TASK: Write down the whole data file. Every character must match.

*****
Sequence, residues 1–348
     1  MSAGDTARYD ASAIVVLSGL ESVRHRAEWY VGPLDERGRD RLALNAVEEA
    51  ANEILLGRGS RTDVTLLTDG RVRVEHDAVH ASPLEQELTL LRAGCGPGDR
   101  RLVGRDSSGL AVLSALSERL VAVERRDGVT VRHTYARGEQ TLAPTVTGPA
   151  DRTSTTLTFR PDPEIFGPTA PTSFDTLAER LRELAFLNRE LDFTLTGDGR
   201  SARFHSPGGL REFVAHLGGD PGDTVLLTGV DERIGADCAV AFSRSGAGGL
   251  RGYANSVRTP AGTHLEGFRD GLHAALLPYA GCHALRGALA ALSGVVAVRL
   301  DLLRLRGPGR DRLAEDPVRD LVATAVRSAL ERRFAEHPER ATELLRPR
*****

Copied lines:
Sequence, residues 1–348
     1  MSAGDTARYD ASAIVVLSGL ESVRHRAEWY VGPLDERGRD RLALNAVEEA
    51  ANEILLGRGS RTDVTLLTDG RVRVEHDAVH ASPLEQELTL LRAGCGPGDR
   101  RLVGRDSSGL AVLSALSERL VAVERRDGVT VRHTYARGEQ TLAPTVTGPA
   151  DRTSTTLTFR PDPEIFGPTA PTSFDTLAER LRELAFLNRE LDFTLTGDGR
   201  SARFHSPGGL REFVAHLGGD PGDTVLLTGV DERIGADCAV AFSRSGAGGL
   251  RGYANSVRTP AGTHLEGFRD GLHAALLPYA GCHALRGALA ALSGVVAVRL
   301  DLLRLRGPGR DRLAEDPVRD LVATAVRSAL ERRFAEHPER ATELLRPR